In this day and age, technology can be a writer’s best friend. While it’s easy to get lost in the dark depths of internet research and the battlefield that is social media, there are some nifty apps and sites out there that you really should be utilizing!
Cold Turkey is an app that you can download to your desktop. It’s function is to keep you from accessing the internet for websites you deem as a distraction, such as facebook, amazon, or twitter.
Once downloaded, you can make a list of sites you have an addiction to (it comes with a list pre-loaded with 24 distracting sites). Then, you set a schedule for when you want these specific lists to be blocked. Setting the schedule can be a bit tedious. I suggest doing it in batches, say for a week at a time or a month in advance if you have to.
I’ll let you know when I have more of this one figured out as I’m still playing with it.
Pacemaker is a really cool site that allows you to set goals and holds you accountable for them. It even allows you to add a nifty widget to your site!
Create an account with Pacemaker, it’s super quick and you can totally use your garbage email account. I did! Then, log in and start making your plans. It allows you to name it, pick your media, what you’re working on (drafting, revising, editing, etc), and then state how you plan on tackling this.
As you track your progress, it shows you a nifty graph. This shows what days you’ve done the most work and allows you to compare it to other days, weeks, etc.
For me, that means tackling revisions at a pace of around 10 pages a day per project.
I cannot stress enough how great Spotify is for someone who writes to playlists. Download the desktop app today and start making themed playlists, not only to write to, but to share with your readers so they can have an experience that brings them closer to the story.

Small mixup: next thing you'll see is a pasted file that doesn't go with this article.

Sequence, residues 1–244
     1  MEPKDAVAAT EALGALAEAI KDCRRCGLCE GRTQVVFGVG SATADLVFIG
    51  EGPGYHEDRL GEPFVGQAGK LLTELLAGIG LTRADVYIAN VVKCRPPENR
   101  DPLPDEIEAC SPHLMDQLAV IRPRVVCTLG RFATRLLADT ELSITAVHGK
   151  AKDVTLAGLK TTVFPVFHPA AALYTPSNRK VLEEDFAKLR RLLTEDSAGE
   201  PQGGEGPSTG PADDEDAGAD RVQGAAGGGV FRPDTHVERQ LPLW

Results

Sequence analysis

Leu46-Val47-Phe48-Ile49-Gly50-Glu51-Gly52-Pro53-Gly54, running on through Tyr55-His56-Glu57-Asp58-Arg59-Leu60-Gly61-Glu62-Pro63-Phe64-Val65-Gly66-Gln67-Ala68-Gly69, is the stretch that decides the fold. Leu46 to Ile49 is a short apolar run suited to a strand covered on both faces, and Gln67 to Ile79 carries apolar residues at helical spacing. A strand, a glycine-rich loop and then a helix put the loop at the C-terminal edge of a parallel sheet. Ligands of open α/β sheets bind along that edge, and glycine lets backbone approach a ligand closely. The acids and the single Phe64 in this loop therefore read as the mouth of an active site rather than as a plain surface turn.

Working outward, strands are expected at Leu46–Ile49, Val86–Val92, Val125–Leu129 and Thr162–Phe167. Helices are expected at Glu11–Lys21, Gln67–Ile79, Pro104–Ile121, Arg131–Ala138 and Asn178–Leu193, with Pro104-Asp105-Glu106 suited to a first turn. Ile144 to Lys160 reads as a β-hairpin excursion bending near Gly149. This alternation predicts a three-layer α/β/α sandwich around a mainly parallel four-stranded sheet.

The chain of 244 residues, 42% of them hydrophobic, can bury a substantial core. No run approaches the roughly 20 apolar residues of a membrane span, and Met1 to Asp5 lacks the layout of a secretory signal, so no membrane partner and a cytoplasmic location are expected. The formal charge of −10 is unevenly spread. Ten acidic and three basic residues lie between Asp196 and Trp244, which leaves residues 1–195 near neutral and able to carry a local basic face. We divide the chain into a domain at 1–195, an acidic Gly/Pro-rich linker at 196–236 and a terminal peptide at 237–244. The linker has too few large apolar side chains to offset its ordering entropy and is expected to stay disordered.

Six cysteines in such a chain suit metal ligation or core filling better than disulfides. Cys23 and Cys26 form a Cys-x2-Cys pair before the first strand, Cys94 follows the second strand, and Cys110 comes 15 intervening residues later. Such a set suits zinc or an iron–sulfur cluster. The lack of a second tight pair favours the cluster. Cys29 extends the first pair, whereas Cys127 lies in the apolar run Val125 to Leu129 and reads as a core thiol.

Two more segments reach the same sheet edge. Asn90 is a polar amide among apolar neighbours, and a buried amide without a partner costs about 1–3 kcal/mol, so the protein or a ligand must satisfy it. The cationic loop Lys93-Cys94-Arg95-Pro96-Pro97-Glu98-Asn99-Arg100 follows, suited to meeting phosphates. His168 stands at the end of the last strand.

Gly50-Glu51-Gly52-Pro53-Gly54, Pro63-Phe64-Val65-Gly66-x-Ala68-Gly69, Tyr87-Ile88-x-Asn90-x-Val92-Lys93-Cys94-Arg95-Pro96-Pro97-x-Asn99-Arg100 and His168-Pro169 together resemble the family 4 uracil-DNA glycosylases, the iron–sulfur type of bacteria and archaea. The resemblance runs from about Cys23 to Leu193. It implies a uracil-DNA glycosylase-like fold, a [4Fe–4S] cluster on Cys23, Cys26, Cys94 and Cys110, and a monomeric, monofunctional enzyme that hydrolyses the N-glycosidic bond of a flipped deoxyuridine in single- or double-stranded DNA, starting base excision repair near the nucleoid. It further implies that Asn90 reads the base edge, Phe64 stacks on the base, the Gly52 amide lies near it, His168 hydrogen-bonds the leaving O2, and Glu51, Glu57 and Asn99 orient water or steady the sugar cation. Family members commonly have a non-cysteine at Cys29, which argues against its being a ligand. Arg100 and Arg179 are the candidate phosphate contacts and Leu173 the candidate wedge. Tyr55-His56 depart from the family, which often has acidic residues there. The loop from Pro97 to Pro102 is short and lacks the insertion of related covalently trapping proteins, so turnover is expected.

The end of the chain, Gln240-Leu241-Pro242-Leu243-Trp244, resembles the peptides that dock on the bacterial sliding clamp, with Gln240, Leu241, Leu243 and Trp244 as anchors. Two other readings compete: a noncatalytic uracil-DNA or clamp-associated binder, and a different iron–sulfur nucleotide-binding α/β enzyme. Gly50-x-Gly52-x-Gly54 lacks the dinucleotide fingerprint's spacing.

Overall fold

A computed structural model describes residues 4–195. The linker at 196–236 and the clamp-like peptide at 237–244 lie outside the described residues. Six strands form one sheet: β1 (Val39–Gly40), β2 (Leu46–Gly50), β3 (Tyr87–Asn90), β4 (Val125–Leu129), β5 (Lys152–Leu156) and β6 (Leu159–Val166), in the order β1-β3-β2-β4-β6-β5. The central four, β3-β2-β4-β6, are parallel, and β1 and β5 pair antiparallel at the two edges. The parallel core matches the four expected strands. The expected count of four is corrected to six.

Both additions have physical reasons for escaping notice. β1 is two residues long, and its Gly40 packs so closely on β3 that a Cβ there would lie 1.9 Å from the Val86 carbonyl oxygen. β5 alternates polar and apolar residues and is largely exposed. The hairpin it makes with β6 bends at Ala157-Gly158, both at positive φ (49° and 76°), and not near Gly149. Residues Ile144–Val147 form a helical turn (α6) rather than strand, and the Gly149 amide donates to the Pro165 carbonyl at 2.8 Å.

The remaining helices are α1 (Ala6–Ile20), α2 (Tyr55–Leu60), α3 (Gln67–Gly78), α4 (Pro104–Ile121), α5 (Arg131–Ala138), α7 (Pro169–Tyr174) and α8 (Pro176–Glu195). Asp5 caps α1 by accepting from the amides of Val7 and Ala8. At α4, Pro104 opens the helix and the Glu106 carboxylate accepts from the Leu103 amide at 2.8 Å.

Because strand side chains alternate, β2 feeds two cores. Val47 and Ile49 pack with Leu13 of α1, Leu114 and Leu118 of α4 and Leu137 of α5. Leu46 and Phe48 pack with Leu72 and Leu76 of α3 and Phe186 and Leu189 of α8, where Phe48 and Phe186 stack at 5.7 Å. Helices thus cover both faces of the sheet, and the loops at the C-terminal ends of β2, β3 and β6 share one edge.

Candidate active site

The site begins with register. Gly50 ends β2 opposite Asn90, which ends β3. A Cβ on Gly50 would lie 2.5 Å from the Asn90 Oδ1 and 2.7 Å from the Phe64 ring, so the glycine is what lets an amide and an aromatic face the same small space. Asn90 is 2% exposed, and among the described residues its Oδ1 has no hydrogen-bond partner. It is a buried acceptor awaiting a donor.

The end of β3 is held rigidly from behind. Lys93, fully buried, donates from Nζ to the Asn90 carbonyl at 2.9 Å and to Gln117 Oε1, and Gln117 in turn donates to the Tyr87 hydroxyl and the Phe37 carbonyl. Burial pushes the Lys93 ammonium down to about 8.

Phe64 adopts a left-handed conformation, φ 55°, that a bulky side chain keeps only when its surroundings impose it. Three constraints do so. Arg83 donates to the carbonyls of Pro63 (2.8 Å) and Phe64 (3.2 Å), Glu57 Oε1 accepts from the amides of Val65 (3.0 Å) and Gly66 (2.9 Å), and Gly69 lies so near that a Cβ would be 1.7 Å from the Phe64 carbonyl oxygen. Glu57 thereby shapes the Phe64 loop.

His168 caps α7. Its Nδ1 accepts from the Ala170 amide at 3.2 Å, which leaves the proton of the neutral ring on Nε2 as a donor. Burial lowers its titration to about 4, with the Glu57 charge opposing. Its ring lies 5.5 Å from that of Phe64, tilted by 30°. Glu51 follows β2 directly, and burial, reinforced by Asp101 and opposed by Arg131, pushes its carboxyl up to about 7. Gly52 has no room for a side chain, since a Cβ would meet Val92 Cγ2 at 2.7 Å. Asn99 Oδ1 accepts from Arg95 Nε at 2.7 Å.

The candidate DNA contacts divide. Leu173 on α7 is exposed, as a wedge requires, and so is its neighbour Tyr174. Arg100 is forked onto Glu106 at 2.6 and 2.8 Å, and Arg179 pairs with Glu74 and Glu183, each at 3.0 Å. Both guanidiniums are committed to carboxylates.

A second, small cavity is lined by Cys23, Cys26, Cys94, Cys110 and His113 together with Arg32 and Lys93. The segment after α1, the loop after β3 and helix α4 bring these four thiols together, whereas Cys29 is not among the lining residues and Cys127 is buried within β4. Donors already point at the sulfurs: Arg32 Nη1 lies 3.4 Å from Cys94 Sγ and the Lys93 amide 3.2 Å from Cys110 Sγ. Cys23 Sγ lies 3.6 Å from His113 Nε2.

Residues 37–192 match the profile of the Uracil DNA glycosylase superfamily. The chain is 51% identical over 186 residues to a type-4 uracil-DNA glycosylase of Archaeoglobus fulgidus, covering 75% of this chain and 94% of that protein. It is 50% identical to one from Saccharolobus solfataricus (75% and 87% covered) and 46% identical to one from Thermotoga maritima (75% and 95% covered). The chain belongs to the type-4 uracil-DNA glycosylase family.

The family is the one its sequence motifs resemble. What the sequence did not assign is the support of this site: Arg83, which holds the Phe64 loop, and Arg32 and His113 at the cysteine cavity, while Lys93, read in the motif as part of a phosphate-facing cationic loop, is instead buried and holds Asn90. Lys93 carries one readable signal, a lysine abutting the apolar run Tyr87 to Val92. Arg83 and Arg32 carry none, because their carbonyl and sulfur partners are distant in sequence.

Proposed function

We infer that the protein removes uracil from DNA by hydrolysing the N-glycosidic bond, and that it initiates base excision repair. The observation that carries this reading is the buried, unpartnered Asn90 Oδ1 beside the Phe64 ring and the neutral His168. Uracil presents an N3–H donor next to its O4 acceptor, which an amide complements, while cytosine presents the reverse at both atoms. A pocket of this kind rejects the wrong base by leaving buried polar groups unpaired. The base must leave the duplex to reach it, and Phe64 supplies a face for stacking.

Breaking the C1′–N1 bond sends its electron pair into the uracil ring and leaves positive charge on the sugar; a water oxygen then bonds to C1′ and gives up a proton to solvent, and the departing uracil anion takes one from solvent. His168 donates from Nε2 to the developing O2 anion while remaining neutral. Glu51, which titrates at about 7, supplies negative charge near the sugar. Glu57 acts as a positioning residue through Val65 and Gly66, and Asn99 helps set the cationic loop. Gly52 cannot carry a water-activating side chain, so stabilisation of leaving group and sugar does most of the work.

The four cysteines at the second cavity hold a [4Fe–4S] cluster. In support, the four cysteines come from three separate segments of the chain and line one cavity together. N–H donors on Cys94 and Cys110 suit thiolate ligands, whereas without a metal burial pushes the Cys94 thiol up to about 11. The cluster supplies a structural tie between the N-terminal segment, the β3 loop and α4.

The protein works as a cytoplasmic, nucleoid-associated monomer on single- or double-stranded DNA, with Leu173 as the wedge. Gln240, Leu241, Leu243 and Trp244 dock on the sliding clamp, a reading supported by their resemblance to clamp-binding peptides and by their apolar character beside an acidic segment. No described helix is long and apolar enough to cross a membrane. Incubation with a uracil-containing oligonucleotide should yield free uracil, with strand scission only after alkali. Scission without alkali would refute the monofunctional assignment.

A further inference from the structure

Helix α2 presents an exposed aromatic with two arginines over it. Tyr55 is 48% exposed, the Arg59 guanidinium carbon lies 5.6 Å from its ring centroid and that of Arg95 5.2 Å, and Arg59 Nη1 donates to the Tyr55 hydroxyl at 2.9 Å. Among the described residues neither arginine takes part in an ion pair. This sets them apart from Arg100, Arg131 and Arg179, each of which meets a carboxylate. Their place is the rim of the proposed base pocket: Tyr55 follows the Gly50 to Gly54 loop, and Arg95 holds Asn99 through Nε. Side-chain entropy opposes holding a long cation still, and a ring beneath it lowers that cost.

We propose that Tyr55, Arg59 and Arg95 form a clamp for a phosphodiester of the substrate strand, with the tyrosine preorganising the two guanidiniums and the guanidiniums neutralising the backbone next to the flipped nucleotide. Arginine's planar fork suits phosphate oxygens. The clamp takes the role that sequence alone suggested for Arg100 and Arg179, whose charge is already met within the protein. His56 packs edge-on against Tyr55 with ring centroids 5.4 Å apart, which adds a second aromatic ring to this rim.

There is such a great wealth of music available on Spotify (including a few anime intro cover artists, if you’re into that kind of thing). While it does have short adds, you can opt for the premium experience, but I haven’t felt the need for it during my time using the app.
I know not everyone likes to listen to music while they write. They notes and lyrics can often make the process muddled and confusing. Another option is A Soft Murmur. This simple to use site offers a number of simple sounds that might even correspond with a moment in your novel.
It offers rain, thunderstorms, waves, wind, fire, birds, crickets, cafe sounds, a singing bowl, and actual white noise. I had so much fun playing with these and I may bookmark this for when I start writing the fantasy novel dancing around my head.
I state this one with caution. It is far too easy to get lost in this website, falling down rabbit holes you never meant to find in the first place.Do your best to stick to the essentials here.
Pinterest is a great resource for inspirations (be it photographic or artistic), finding resources (on research and writing), and keeping it all in one place. By creating an account and profile, you can begin storing images and sites that inspire you on carefully organized boards. If you don’t want to share all of this with others, you can make the boards secret.
I’m pretty stoked that Pinterest evolved to allow more than two secret boards.